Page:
This question seems naive at first glance, but it's subtle. I was recently pondering... How does QGIS actually represent maps and features when we select the 'WGS84' CRS at the project level?
I surprisingly cannot find the information here; https://docs.qgis.org/3.16/en/docs/user_manual/working_with_projections/working_with_projections.html (neither in the software itself).
In other words, what is QGIS default 'under-the-hood' projection used when WGS84 is selected for a project?
Fig. 1: WGS84 selected as the project CRS to render an OpenStreetMap background map - my screen is definitely not ellipsoidally shaped.
This question can obviously extend to any other GIS piece of software, so instead of asking for each, if in addition you can tell if it exists a standard which is (almost) always used when displaying WGS84 material on a flat screen, that would be even better to know. It seems that it is not 'embedded' in the WGS84 CRS itself (which is a good thing) as per; https://epsg.org/crs_4326/WGS-84.html?sessionkey=3gcvw501ip and:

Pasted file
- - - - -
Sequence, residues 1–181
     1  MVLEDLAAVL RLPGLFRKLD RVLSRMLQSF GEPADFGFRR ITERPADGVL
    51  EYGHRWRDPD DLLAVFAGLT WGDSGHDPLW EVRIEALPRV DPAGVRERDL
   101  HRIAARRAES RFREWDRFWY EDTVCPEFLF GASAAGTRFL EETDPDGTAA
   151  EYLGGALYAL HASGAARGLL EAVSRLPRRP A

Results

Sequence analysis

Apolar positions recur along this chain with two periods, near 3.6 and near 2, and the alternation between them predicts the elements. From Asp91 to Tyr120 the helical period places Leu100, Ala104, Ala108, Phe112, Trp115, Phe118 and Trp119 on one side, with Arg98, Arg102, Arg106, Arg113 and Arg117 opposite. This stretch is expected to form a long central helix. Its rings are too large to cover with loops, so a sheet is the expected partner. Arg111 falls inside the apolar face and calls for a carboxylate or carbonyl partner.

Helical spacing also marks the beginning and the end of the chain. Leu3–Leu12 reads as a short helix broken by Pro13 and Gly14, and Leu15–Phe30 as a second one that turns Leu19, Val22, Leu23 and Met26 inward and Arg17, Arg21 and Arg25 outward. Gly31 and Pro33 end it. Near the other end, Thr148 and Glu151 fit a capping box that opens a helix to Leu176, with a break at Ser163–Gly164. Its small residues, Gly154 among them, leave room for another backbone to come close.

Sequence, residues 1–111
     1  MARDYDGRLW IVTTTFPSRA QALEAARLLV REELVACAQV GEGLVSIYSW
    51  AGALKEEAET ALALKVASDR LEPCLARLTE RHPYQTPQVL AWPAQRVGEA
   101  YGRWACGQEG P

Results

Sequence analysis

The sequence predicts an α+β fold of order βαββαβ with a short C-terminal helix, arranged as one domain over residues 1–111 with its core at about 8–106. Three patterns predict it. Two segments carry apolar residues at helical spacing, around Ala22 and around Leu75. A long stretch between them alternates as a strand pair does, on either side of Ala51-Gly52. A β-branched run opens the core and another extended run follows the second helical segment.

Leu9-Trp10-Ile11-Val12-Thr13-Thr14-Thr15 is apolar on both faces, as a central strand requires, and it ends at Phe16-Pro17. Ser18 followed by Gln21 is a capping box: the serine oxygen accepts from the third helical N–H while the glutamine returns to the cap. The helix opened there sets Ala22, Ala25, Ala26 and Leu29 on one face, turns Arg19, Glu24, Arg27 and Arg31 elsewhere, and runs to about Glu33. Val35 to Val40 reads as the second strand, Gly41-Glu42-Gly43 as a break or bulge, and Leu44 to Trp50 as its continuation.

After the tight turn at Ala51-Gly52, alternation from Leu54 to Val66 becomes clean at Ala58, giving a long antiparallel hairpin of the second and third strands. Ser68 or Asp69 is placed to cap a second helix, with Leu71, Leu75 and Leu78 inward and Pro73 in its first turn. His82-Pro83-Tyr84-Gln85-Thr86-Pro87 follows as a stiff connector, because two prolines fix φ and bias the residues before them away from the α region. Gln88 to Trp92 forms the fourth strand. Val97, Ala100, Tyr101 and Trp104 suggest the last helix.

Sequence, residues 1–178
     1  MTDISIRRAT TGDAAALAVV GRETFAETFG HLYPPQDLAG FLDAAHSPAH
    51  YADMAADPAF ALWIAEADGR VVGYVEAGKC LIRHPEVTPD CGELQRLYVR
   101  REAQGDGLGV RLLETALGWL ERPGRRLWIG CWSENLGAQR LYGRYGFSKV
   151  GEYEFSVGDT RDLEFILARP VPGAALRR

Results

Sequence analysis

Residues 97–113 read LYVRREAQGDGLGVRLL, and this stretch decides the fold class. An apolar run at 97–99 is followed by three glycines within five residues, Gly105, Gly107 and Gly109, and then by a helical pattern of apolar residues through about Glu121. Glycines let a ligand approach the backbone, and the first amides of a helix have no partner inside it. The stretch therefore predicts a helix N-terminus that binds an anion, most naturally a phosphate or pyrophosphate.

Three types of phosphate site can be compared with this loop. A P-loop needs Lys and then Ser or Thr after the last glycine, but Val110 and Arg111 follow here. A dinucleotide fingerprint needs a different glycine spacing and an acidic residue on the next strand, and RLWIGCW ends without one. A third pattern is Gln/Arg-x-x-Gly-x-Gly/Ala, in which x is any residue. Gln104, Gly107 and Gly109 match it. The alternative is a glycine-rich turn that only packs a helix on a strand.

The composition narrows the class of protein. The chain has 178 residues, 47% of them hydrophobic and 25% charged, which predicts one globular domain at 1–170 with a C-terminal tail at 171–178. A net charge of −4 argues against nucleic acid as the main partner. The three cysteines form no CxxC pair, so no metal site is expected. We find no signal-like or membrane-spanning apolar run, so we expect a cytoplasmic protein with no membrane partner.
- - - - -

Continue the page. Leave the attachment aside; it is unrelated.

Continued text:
$ projinfo epsg:4326 PROJ.4 string: +proj=longlat +datum=WGS84 +no_defs +type=crs WKT2_2018 string: GEOGCRS["WGS 84", DATUM["World Geodetic System 1984", ELLIPSOID["WGS 84",6378137,298.257223563, LENGTHUNIT["metre",1]]], PRIMEM["Greenwich",0, ANGLEUNIT["degree",0.0174532925199433]], CS[ellipsoidal,2], AXIS["geodetic latitude (Lat)",north, ORDER, ANGLEUNIT["degree",0.0174532925199433]], AXIS["geodetic longitude (Lon)",east, ORDER, ANGLEUNIT["degree",0.0174532925199433]], USAGE[ SCOPE["unknown"], AREA["World"], BBOX[-90,-180,90,180]], ID["EPSG",4326]]
This still remains a Geographic space for me, but which is in 2D only, so how does it actually goes to my flat screen 2D Cartesian space?
Note; I intuitively think it's using an equidistant cylindrical (Plate Carrée) (a.k.a. equirectangular projection) projection, but I definitely wish to strike out that 'intuitively' word from the current sentence.
More on this projection: https://proj.org/operations/projections/eqc.html
This is a parenthesis, but I also think it would be a nice feature to see in a user-friendly way whether a CRS is a Geographic one or a Projected one. For the moment one has to watch to the WKT string to figure it out:
In my researches, I found this useful article on the ESRI blog:
[-180,-90 : 180,90]and scale is computed from the pixel at the center of the canvas (look at the scale if you just move a little). So, the bounding box is a rectangle and every coordinate is plot where it is. I think it's no more complicated.